mmediacy. The advisor needs to be present on Facebook, Twitter, LinkedIn, and be able to track or participate in any private forums for clients. Advisors must be able to follow their clients on Facebook and Twitter, and on any private client networks hosted by the wealth management firm. This will allow the advisor to track what the clients are saying and immediately respond if John Doe poses a question, and mitigate the impact of other sources’ influence. S
trength. The advisor has an inherent advantage in the strength category, given that he is marketed as an expert. However, when creating a private social network hosted by the wealth manager (i.e. “the sandbox in which clients play”), the wealth manager must be careful about how it promotes status-building functionalities on the social network. For example, several online brokerage social networks assign clients who have many followers or who have had strong stock performance special designations like “expert” or “pro”, etc. This is perfectly suitable for the self-directed world, but is less suitable in the advisory world. Assigning such a status to another client or investor will elevate his status and may thus dilute the advisor’s status and therefore his “strength”. N
umber. Here collaboration is important. Advisors may want to coordinate their messages with messages coming from the wealth management firm. Also, the audience to whom you are speaking matters. The larger your audience and the more general your content, the less the impact on each person. Advisors participating on social networks must direct their content to either individual clients or specific sub-segments. This will increase the impact of the advisor’s message. These are just a few instances in which social impact theory can be applied to social media strategies. There are many more and I encourage you to read up on the theory on your own. Disclaimer: For more information on Bibb Latane’s theory of social impact, one can consult any introductory psychology textbook or social psychology textbook. Personally, I like: Aronson, E. (2008). The Social Animal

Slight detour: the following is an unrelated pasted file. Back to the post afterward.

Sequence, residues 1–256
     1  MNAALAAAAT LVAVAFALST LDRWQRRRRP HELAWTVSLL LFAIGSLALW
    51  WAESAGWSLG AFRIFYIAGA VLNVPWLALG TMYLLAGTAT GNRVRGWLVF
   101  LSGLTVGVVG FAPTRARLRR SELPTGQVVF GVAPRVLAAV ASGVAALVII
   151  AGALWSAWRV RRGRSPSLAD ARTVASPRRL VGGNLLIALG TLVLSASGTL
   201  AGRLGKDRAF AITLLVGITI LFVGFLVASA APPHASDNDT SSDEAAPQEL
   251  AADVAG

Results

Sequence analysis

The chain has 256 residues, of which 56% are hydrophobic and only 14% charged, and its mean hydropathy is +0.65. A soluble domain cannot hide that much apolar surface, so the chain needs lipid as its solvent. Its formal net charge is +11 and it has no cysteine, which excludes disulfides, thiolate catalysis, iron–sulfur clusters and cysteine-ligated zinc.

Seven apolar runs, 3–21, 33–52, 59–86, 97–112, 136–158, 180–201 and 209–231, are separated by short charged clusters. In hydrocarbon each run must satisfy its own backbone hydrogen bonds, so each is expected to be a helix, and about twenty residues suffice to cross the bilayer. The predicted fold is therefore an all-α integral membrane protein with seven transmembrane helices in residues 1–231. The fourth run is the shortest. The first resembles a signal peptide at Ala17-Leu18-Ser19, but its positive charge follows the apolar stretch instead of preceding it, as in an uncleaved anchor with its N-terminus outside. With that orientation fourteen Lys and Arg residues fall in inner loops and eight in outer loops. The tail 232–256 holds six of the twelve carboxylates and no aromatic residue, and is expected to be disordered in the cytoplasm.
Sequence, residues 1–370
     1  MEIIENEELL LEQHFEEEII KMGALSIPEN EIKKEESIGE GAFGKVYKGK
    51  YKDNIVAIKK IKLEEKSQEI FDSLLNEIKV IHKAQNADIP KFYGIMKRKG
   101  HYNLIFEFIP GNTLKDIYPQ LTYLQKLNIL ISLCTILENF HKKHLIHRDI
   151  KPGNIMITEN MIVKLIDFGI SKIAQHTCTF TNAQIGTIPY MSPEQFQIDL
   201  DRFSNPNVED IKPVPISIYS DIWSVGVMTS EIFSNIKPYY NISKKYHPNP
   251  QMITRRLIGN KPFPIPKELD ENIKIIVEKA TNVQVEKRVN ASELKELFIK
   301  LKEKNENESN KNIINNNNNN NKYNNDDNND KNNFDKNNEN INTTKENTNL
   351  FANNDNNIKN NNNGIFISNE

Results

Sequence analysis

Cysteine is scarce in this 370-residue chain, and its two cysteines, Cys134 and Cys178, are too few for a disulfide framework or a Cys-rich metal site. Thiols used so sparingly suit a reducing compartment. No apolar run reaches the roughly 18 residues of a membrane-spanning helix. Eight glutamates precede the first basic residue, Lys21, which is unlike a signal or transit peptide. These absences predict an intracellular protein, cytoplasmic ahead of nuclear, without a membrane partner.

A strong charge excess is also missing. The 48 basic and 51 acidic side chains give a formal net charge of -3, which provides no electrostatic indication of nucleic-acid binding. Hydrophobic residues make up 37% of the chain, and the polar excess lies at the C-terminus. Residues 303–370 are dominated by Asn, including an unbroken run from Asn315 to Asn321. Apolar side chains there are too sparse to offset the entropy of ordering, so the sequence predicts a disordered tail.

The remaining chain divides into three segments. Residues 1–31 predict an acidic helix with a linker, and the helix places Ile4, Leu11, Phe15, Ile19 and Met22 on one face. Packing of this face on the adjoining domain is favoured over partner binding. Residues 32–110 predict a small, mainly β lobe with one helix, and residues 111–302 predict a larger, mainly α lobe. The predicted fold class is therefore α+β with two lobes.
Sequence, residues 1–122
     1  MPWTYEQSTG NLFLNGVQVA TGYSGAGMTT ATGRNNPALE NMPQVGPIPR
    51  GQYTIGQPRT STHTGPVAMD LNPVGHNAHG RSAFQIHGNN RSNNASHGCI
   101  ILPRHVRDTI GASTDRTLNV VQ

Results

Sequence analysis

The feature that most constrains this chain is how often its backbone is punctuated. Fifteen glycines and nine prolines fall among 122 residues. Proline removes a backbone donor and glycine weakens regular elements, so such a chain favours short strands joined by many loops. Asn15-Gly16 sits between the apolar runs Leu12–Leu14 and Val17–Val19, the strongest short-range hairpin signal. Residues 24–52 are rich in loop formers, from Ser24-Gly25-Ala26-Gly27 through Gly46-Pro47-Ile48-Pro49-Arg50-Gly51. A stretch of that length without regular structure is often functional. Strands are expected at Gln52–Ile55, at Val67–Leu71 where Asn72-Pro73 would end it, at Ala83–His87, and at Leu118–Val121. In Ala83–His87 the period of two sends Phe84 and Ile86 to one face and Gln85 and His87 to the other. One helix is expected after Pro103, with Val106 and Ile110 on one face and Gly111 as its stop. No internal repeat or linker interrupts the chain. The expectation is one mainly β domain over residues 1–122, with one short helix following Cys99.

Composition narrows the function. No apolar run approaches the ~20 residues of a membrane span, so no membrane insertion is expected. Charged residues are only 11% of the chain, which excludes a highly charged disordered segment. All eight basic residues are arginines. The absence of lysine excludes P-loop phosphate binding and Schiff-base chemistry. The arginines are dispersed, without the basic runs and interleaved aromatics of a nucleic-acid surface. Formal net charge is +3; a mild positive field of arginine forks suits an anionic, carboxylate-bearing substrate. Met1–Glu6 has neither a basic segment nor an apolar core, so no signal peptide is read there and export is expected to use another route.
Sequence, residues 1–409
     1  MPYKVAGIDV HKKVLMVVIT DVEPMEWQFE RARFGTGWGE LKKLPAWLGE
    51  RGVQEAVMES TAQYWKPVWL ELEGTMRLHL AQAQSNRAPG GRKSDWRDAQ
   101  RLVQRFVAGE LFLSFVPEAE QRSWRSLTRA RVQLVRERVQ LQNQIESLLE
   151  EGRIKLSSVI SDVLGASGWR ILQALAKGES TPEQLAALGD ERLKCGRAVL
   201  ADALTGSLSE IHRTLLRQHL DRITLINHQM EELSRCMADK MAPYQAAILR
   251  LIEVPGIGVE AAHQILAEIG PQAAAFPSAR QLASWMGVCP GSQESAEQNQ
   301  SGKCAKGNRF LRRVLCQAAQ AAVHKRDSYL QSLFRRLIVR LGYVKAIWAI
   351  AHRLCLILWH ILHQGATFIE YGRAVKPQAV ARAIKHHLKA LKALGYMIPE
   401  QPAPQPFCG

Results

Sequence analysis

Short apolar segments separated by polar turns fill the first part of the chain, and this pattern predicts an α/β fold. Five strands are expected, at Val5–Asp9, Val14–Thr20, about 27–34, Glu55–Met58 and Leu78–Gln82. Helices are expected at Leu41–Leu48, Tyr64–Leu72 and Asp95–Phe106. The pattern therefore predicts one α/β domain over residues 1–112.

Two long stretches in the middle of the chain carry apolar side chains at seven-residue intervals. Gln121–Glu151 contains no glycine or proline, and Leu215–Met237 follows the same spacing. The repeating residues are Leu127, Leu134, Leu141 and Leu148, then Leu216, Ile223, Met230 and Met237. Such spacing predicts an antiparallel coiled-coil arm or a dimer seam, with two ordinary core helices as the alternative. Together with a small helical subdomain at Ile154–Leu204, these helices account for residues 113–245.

(10th ed.). New York: Worth Publishers